Fenrikora The Art of Roland Hayes. Music for Oboe and Harp. Jazz Latin New Age. Songs by Claude Debussy.
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Where the rivulets are rosy in the setting sun, And a mild tremor runs over the wheat fields, An exhortation to be happy seems to emanate from things And rises towards the troubled heart. An exhortation to enjoy the charm of being alive While one is young and the evening is beautiful, For we are going on, as this stream goes on: The stream to the sea, we to the grave.
Advice to taste the charm of being in the world While one is young and the evening is beautiful, For we are going away, as this stream goes away: The stream to the sea, we to the grave. A plea to relish the charm of life While there is youth and the evening is fair, For we pass away, as the wave passes: The wave to the sea, we to the grave.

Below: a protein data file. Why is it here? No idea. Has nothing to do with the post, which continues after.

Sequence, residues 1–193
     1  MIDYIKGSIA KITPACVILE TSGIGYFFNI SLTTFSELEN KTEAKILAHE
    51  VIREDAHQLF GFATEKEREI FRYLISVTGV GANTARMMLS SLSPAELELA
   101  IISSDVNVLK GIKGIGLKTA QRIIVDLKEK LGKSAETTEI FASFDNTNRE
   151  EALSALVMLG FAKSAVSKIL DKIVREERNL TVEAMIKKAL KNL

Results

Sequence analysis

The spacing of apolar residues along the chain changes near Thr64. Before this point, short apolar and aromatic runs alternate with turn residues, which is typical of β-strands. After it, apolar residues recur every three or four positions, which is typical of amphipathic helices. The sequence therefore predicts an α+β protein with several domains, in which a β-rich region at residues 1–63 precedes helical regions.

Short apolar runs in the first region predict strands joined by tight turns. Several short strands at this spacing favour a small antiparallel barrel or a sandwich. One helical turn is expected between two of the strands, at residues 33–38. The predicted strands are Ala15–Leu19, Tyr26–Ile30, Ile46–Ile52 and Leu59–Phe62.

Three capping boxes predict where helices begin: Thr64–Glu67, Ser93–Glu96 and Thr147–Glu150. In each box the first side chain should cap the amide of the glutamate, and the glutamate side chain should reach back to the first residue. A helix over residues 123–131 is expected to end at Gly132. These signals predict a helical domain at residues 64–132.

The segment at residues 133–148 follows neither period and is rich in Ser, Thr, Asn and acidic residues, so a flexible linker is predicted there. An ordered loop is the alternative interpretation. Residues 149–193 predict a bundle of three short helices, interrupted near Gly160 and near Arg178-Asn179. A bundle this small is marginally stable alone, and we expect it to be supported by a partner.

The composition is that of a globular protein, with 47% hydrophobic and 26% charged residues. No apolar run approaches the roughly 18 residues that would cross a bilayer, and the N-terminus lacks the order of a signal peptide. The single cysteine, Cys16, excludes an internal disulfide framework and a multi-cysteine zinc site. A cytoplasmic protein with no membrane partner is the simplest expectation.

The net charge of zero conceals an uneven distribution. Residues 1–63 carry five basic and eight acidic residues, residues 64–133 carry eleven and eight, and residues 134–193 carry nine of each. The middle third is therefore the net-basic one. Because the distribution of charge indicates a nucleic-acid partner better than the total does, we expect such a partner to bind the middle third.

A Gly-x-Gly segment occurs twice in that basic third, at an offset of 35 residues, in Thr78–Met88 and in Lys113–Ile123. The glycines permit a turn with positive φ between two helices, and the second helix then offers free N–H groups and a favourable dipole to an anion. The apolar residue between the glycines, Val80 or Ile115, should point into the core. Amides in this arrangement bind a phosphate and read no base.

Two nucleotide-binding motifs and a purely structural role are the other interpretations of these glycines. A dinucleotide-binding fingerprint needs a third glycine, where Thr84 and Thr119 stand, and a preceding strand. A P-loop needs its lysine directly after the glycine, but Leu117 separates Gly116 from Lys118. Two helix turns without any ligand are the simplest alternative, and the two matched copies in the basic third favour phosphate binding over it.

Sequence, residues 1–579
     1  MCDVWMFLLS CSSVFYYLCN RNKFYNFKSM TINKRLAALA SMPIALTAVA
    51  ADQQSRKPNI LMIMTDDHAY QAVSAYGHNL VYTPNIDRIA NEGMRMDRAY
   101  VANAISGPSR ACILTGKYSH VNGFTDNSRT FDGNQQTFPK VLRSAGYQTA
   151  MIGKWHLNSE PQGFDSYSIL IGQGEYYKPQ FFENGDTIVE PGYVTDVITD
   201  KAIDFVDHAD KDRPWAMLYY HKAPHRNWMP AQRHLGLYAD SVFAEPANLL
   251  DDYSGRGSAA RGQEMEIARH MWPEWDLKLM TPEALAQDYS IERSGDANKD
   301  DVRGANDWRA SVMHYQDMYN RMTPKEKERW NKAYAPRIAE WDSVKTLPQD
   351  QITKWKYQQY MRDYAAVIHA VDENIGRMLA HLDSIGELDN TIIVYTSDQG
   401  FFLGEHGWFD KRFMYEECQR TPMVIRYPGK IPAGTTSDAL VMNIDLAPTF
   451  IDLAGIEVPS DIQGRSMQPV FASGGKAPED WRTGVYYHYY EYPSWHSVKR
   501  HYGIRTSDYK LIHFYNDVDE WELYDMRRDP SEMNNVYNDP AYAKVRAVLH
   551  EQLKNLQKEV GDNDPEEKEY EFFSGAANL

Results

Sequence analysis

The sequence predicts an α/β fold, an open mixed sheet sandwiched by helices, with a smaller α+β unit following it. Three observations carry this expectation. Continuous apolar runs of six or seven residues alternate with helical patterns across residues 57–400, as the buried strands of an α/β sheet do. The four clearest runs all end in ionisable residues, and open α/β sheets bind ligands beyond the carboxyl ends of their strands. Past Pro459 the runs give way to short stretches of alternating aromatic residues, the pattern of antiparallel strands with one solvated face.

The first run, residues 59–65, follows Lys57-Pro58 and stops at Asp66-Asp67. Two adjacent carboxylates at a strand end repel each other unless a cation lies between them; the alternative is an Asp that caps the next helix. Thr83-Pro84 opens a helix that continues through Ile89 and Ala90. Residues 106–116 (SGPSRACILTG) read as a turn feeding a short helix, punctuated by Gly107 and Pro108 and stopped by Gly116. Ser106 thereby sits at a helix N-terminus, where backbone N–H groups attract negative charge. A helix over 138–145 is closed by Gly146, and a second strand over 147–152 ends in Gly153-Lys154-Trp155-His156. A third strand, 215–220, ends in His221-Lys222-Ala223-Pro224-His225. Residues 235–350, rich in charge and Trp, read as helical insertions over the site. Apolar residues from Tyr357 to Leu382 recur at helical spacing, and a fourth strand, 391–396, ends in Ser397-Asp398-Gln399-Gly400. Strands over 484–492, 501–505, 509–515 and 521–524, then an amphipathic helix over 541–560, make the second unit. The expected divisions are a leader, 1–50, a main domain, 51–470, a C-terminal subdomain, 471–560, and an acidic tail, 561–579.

A plea to relish the charm of life While there is youth and the evening is fair, For we shall go away, like water that is flowing: Into the sea, we to the tomb. The poem paints the picture of a beautiful evening where the rivers are turned rose-colored by the sunset and the wheat fields are moved by a warm breeze.
Debussy uses a gently flowing triplet rhythm in the accompaniment, which contrasts the duplets that drive the light melody. The piano and voice partner to create the sensation of peace that one might feel in the evening in nature, fitting the post-Romantic style.
As any evening fades, however, so does the mood of the piece, and the song modulates from E major to F-sharp minor. The piece reaches its climax when the melody reaches a high F-sharp, paired with the word "beau". The combination of the text and melody powerfully depicts the beauty of the sun.
Beau soir (Debussy, Claude)